Civil Society, Headlines, Human Rights, Latin America & the Caribbean, Religion

Chile Shaken by Sex Abuse Allegations against Revered Priest

Daniela Estrada

SANTIAGO, Apr 30 2010 (IPS) - A small group of feminists demonstrated outside the Metropolitan Cathedral in the Chilean capital Thursday to express their condemnation of an influential Catholic priest accused of sexually abusing at least five teenagers.

“Imagine what a shock it is for those of us who did not know what was really going on with these priests,” 44-year-old Edita Andrade told IPS, as she watched the protest by a score of representatives of Articulación Feminista Por la Libertad de Decidir (Feminist Network for the Right to Choose).

“I think it’s a good thing for people to wake up and react. Religion cannot be used to cover up these crimes,” Andrade said. A few steps away Sonia, another Chilean woman, was calling for priests involved in sexual abuse to be specifically named. “We need to avoid generalising, because not all priests are the same,” she told IPS.

“Many things are damaging the Catholic Church. Covering up child sex abuse crimes is one of them,” Octavio Rojas, who joined the symbolic protest in Santiago’s main square, told IPS.

This South American country of 17 million people has been shaken by the case of Fernando Karadima, formerly parish priest at the Church of the Sacred Heart of Jesus in the well-to-do Santiago neighbourhood of Providencia, who is under investigation by the justice system for alleged sexual abuse committed two decades ago involving at least five teenage boys.

The 80-year-old Karadima, who is described as a charismatic, influential and highly respected cleric who trained many priests, some of whom are now bishops, denies the allegations. He has been defended this week by members of religious orders and ordained and lay Catholics.

James Hamilton, a 44-year-old gastroenterologist, and Juan Carlos Cruz, a 46-year-old executive living in the United States, denounced Karadima in an article published Apr. 22 in The New York Times.

Hamilton, Cruz and three other men who were allegedly abused by the priest, starting when they were under 18, talked about their experiences on the Informe Especial programme of the state Televisión Nacional de Chile channel on Apr. 27.

Previously, on Apr. 21, the president of the Chilean Bishops’ Conference, Monsignor Alejandro Goic, formally apologised to Chilean society for the cases of sexual abuse committed by priests.

Goic, who is also bishop of Rancagua, said 20 priests have been accused of paedophilia in Chile. Five have been convicted, another five are being actively investigated by the justice authorities, and the rest have either been absolved or their cases are still under review.

Four days later, Cardinal Francisco Javier Errázuriz admitted in a letter read out at mass in every Catholic church that he had suspended an investigation into Karadima’s alleged behaviour in 2005, in order to await “further evidence” and to consult experts in canon law.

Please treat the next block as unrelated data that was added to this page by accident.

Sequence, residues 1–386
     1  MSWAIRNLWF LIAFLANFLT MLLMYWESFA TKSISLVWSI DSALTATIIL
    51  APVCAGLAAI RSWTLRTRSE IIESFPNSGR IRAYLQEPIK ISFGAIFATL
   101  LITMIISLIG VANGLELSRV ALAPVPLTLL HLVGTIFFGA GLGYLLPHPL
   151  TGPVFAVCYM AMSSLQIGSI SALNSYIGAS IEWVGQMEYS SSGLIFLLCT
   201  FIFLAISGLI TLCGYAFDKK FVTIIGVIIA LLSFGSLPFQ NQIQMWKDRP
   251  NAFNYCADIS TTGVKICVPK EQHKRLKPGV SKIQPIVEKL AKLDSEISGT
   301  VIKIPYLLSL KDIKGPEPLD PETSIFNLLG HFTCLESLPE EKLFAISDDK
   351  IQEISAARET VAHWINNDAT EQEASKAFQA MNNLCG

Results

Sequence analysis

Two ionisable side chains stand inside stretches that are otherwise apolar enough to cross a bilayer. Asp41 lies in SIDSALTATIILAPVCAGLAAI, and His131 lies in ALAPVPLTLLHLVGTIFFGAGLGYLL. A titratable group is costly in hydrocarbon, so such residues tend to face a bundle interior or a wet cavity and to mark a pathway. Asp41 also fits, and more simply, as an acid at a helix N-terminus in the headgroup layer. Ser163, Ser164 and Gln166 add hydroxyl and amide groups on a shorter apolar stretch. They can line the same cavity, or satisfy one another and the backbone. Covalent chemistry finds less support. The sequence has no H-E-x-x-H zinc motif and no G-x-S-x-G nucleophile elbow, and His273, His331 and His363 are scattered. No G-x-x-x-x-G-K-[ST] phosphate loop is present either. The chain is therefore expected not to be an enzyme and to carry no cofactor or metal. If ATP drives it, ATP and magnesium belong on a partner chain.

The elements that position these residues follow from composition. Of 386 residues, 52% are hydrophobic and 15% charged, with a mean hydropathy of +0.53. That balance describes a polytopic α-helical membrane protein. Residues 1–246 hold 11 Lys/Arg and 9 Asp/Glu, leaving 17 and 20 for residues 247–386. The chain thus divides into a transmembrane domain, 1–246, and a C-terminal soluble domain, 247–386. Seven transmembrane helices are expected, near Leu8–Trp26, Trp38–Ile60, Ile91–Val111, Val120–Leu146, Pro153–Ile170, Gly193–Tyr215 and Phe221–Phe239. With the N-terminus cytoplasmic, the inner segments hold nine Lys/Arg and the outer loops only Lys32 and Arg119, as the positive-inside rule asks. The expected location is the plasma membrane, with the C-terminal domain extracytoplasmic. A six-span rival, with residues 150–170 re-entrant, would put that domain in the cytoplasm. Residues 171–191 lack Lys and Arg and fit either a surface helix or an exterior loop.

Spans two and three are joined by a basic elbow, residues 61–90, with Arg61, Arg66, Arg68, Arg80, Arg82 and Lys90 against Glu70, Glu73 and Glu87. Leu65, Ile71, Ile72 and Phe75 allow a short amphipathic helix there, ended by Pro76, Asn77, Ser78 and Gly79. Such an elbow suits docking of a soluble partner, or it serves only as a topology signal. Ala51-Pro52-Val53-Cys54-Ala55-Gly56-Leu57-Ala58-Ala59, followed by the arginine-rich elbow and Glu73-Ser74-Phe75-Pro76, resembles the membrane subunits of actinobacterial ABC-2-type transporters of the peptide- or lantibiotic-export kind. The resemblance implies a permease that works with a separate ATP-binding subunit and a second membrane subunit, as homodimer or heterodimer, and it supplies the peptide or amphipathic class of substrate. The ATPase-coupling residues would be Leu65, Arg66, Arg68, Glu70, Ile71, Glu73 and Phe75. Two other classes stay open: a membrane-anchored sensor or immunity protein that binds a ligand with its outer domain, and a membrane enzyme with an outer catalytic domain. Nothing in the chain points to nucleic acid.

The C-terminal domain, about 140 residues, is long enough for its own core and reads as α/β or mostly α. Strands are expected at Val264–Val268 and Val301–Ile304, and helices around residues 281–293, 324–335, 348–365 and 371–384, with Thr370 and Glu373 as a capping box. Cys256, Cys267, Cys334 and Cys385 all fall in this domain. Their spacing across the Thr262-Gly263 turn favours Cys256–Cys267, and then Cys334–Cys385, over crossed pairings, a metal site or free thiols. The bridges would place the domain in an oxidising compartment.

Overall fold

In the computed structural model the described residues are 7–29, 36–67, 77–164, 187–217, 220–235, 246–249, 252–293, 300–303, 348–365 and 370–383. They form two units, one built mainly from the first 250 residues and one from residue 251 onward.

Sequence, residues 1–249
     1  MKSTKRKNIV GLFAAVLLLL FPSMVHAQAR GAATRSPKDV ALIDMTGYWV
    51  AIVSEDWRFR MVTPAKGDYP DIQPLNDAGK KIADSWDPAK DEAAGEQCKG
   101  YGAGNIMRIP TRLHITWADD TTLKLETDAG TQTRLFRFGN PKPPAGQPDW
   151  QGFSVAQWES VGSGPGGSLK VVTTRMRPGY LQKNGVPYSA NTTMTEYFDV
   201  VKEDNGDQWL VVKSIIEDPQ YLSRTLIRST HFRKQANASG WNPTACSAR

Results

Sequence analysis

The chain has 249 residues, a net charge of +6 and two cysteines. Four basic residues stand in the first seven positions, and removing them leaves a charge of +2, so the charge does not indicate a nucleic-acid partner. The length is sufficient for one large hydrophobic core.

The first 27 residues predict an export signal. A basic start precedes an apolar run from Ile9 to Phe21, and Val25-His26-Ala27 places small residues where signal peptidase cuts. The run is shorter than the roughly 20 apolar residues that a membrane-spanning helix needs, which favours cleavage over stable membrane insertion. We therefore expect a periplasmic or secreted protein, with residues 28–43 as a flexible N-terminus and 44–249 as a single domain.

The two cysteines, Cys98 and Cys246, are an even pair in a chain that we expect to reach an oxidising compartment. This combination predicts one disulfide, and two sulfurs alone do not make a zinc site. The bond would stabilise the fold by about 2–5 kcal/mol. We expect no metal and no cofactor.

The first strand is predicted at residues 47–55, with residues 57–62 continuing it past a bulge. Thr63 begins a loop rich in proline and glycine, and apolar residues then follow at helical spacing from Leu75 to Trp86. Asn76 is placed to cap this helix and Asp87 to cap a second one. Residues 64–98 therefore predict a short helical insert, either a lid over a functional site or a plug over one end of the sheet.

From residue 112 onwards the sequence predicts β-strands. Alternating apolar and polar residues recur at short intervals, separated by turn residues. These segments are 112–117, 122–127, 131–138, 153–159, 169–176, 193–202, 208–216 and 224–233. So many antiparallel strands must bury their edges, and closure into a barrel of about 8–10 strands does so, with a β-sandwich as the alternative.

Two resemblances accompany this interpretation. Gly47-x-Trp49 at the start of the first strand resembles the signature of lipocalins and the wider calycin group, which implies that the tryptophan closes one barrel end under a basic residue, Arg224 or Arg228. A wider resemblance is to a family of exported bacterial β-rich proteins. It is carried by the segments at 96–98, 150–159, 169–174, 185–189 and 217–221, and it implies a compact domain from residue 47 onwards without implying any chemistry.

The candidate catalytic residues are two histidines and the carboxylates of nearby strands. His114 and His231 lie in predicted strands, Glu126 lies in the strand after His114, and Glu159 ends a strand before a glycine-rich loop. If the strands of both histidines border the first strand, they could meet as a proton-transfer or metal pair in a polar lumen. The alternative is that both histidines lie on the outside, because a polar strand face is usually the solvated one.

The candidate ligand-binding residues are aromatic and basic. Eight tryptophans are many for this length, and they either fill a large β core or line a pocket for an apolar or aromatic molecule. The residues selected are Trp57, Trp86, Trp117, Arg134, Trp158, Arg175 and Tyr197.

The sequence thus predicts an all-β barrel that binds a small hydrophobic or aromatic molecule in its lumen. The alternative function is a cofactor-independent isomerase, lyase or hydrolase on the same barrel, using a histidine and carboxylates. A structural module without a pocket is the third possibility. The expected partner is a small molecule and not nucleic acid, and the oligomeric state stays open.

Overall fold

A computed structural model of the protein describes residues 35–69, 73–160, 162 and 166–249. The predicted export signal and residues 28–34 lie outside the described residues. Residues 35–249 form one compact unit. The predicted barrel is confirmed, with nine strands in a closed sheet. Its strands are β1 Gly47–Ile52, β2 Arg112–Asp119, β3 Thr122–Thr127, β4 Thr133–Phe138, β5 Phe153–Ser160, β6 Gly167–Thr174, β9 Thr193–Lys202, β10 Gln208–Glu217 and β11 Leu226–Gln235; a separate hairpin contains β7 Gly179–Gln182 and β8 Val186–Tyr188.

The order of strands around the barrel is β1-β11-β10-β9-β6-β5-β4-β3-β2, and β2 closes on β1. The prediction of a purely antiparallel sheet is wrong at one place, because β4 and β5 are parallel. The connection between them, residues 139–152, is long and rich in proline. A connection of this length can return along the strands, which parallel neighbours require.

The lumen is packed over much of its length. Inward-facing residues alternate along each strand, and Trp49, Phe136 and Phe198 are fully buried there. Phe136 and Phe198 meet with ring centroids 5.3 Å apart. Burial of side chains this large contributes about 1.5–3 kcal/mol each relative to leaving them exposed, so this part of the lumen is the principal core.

He said the investigation was resumed in 2009, when he handed over the evidence against Karadima to a new Church “Promotor of Justice”, appointed last year, for a thorough investigation of the facts, for either “a declaration of innocence or the necessary measures.”

“There is no room in the priesthood for those who abuse minors and there is no pretext whatever that can justify this crime,” said the cardinal, who called on victims to report their experiences.

“Citizens have a duty, not only to discuss all the details of these cases in public, but also to demand punishment,” Adriana Gómez of Articulación Feminista, an umbrella group of some 20 organisations, told IPS.

“Women’s organisations have been struggling over the last few years against a Catholic Church that imposes a very strict morality and harsh rules on us, and then we see impenetrable secrecy as they close ranks around those who committed these crimes, which are treated as misdemeanours, human failings,” she complained.

In Gómez’s view, the recent statements by the Chilean church leadership are not enough. “I don’t think there is complete transparency yet. It seems some are more protected than others. So far there have been few criminal penalties. I’m sure Karadima will only be punished by sending him on ‘spiritual retreat’,” she predicted.

As well as penalties for priests found guilty of child abuse and reparations for the victims, Articulación Feminista is demanding that the Catholic Church refrain from interference in state matters and desist from its “control over people’s bodies, sexuality and reproduction,” a reference to the country’s complete ban on abortions, among other issues.

Ena von Baer, official spokeswoman for right-wing President Sebastián Piñera, said Wednesday in reference to the Karadima case that the government “will always be on the side of the victims” while it waits for a judicial verdict.

Amid the global scandal over paedophile priests, on Apr. 12 the Vatican posted guidelines from the Congregation for the Doctrine of the Faith, which says that the facts in these cases should “always” be reported to the civil authorities.

According to the last census in 2002, nearly 90 percent of Chileans over the age of 15 believed in some form of religion. Of these, 70 percent said they were Catholic, 15.1 percent were protestant, and 4.4 percent belonged to other faiths.

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